The Village of Geneseo plans to address trihalomethanes, which have been identified in small amounts in the Village‘s water supply.
THMs are found in the Village’s water stores when chlorine is used as a disinfectant during the water filtration and treatment process. They primarily occur due to the interaction of chlorine and organic matter present in the water, and can exacerbate due to various other environmental factors, including temperature, according to the World Health Organization.
The Environmental Protection Agency has set a limit of acceptable THM concentrations in water supplies to 80 parts per billion, with which Geneseo has encountered issues, according to Mayor of the Village of Geneseo Richard Hatheway. Various tests were carried out to test THM concentrations throughout 2016, and the concentrations came out to be over 80 ppb in two of the exam results, according to Hatheway.
Prior to these tests, the Village first tried to address the issues of THM presence in the water in 2014, according to Hatheway.
“Four years ago, we undertook a process where we took the tank out of service, made a pipe, then the in-tank pipe up at the top,” Hatheway said. “The water comes in now up at the top, flushes down through and comes out at the bottom. That was supposed to help with this THM situation. It did decrease THMs somewhat, but not quite enough.”
The project to remove the chemical will be overseen by the Village, in collaboration with the architectural engineering firm the MRB Group, according to Hatheway.
Although the original testing indicated a presence of THMs, that testing was conducted last November and showed acceptable levels of THMs in the water, according to Hatheway.
“I don’t want people to get alarmed that the water they’re drinking is bad water,” Hatheway said. “It’s not at all. It meets [and] exceeds on all EPA standards on an annual basis and, if it wasn’t for the need to try to improve the water in the Town of Geneseo and in York, we wouldn’t be doing this project.”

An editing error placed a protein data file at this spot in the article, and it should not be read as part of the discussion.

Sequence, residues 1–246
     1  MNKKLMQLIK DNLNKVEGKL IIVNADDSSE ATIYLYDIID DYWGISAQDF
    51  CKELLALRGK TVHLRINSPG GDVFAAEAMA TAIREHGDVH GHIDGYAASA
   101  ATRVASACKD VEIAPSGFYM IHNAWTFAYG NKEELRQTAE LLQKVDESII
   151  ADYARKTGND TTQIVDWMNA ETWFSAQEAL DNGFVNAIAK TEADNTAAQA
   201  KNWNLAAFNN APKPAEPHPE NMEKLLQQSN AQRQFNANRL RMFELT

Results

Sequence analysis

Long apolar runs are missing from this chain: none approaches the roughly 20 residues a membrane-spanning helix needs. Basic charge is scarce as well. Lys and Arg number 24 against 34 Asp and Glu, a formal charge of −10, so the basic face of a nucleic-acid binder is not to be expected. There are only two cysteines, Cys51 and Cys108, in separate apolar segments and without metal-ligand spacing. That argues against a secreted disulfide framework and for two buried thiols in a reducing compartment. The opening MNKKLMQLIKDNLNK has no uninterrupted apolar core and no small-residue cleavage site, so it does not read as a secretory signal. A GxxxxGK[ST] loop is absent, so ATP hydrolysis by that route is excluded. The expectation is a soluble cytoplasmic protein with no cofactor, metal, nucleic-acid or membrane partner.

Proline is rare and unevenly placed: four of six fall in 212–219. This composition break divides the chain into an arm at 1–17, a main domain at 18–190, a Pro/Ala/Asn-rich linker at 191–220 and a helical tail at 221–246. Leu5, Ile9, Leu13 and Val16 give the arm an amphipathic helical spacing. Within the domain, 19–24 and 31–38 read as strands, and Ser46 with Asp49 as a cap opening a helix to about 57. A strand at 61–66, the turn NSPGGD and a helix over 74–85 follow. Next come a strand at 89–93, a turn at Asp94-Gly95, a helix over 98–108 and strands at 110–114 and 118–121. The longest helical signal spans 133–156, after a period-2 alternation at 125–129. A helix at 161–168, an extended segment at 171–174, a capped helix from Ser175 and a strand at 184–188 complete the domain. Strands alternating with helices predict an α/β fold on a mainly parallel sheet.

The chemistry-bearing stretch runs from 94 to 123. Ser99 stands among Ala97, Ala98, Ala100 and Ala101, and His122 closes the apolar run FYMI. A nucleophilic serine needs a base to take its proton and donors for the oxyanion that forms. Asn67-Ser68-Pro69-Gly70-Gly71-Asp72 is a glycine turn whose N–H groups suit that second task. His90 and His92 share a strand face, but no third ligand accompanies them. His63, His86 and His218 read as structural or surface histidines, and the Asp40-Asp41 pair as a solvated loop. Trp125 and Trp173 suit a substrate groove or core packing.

The water is supplied from Conesus Lake, and there have been environmental concerns regarding phosphorus runoff from agricultural practices and algal blooms. This is unrelated to the current issue with THM presence, according to Hatheway.
There has been research since 1993 examining the possibility of a link between THMs and cancer. Some studies suggest there is a relationship between the two, but the data has not been significant enough to prove a direct link between them, according to a 2005 WHO report. Long-term exposure can still prove to cause central nervous system depression and hepatotoxicity—liver damage from chemicals—according to the Centers for Disease Control and Prevention.
While this particular issue would not have a significant impact on the college community, according to Hatheway, communication and women and gender studies double major sophomore Clara Gallagher expressed other concerns regarding water quality.
“There has been knowledge of the pipes having lead in it and the water supply’s nearing contamination for a really long time and this could have been avoided, from what I understand,” Gallagher said. “I think, overall, it’s a pollution issue. It’s an environmental issue. So, for college students, stop buying water. Use the water filters on-campus, keep using a reusable bottle. There are little things that we can do to make sure it doesn’t get worse.”
The college reported lead content in 15 water fixtures last academic year, according to a February 2017 article from The Lamron. The village hopes to continue working on improving the problem, according to Hatheway.
“This is showing some cooperation … to try to reach a solution that makes sense and is not cost prohibitive,” Hatheway said. “We still have very inexpensive water, and we’re trying to maintain that.”